Is there a response to the question, “Why don’t you have a smartphone?” that would satisfy the one asking? Is there an answer that would result in anything other than insult and ridicule? I’m stunned by the ways people react when they find out I don’t have a smart phone. Good friends, family, casual acquaintances — they over react with an odd mix of horror and disbelief and then move straight into overt judgment and shaming. People I barely know are moved to recruit other people to gang up on me: “Have you seen Allan’s phone?!? Allan, show them your phone! Can you believe Allan’s phone!?!” What could I honestly say to avoid the confrontation?
My brother, Dr. Keith Stanglin at Austin Graduate School of Theology, has posted an article on the Austin Grad blog about his own experiences related to his long refusal to own and operate a smartphone. I’m using his observations as a conversation partner to articulate my own feelings in this space. If you haven’t yet, I would encourage you to read his post by clicking here.
Why does my old-style “slider” invite so much ridicule? Why is it such a big deal to people? Is there any other consumer product that opens one so quickly and certainly to public derision? We don’t do this with the brand of TV somebody has in their house. We don’t judge our friends or sisters in Christ according to the kind of car they’ve decided to drive or the size of refrigerator in their kitchen. We applaud fellow Christians when they buy a smaller home or Why is the type of cell phone someone has or doesn’t have such a point of identity and value?
If I say I’m resisting temptation, or I’m fighting my tendency to be distracted, or I’m wanting to avoid the negative impact on my brain and my memory, or I’m trying to save money, or I can be a better disciple of Jesus and a better Christian minister to you with a “slider” than I can with a smartphone — none of those reasons are sufficient. Those statements of conviction either lead to more wonder and insult or to something a little more disturbing: a disbelieving under-the-breath retort about being “holier than thou” and a total shutdown of the conversation. As Keith says:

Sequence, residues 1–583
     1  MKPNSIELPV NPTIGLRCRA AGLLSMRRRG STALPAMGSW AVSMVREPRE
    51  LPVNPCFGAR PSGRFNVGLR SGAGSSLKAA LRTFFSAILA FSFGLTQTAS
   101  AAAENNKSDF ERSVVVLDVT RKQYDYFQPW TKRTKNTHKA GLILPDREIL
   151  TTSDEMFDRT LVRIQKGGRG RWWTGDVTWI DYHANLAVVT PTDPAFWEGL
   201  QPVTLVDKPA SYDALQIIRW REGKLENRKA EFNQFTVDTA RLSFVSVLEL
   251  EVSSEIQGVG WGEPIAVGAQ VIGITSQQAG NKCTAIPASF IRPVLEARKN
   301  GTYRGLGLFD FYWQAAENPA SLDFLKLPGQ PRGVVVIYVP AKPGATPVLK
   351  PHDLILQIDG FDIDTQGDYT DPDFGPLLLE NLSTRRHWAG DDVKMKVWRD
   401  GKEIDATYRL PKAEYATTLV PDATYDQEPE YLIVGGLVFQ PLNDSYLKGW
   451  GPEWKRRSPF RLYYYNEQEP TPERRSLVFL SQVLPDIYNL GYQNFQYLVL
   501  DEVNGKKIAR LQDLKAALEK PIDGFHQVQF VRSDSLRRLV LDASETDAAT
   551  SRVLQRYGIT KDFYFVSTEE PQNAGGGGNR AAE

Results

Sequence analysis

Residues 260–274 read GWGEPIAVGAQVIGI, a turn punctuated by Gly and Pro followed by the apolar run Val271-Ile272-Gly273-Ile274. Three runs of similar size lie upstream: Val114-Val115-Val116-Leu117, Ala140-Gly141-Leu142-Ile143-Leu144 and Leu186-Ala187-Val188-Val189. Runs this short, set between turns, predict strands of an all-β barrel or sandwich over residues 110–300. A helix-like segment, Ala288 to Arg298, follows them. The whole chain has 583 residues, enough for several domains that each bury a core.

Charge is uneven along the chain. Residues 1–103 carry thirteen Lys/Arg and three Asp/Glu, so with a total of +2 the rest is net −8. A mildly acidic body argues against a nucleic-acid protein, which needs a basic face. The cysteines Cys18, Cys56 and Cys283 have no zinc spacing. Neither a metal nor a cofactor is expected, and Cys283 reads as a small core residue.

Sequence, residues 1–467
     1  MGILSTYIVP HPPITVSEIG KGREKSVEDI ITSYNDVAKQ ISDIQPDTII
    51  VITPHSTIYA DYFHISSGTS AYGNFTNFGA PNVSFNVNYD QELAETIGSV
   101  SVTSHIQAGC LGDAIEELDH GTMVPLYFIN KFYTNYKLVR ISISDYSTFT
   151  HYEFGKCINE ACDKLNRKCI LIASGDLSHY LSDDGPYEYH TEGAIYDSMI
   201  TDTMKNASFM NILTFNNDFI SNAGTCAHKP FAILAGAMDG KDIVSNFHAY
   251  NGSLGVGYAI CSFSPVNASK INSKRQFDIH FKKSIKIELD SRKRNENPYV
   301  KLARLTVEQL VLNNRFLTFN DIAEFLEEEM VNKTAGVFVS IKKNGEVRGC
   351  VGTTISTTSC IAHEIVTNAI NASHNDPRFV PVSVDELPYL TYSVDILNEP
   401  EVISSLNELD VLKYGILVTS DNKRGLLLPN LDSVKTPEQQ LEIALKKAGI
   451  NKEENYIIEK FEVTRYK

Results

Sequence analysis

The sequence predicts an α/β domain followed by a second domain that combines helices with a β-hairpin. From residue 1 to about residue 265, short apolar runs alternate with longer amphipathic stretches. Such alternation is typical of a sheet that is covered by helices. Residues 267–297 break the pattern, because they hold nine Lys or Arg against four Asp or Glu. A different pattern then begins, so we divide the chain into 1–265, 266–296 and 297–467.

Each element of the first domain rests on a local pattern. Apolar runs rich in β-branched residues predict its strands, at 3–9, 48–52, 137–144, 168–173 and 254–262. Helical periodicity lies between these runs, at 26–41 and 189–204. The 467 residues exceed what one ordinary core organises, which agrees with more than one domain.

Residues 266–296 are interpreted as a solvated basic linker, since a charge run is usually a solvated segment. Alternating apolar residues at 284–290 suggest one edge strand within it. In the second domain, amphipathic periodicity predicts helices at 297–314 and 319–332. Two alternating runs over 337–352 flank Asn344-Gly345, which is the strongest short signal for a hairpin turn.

“Being so ‘behind’ on the latest gadgets, I have found people to be more judgmental about someone’s mobile phone choices than about any other manufactured good. Such reactions are even harder to fathom coming from Christians. If I say that shunning a smartphone is, for me, to shun distraction, temptation, and the world, would it then be an acceptable choice? But why should I have to justify having a simpler phone? I wouldn’t be surprised if there are some churches out there that ridicule people who bring a print Bible to the assembly. Christians, of all people, should respect another’s choice of a simpler automobile, house, clothing, life, and, yes, even phone.”
Yes, I’m afraid there are ministers who preach and teach a simpler lifestyle, avoiding distractions, re-prioritizing, and downsizing in order to better serve Christ and his Church who, in the same breath, ridicule or shame church members who don’t have a smartphone to access that congregation’s app. Maybe it’s OK to own and operate a smartphone. Shouldn’t it be just as OK to not?
Like Keith, I’m not a technophobe or a Luddite, not by any stretch. I use technology every day. I love technology. I’m not sure I could live without air conditioning and indoor plumbing. That 30-second forward button on the DVR is in the top three of the greatest technological innovations in my lifetime and, yeah, I use it unashamedly. I text. I email. I’m into my eleventh year on this blog which you are probably reading on a laptop or a phone. I’m not afraid of technology or change.
But I am careful to discern my personal use of that technology. I don’t just do what everybody else is doing. I don’t think just because we — personally or as a society — can do something that we necessarily should. I’m fifty years old. I have a fairly good idea about what’s good for me and what’s bad for me — spiritually, personally, mentally, relationally. When it comes to my phone, why is that so hard to understand? Or accept?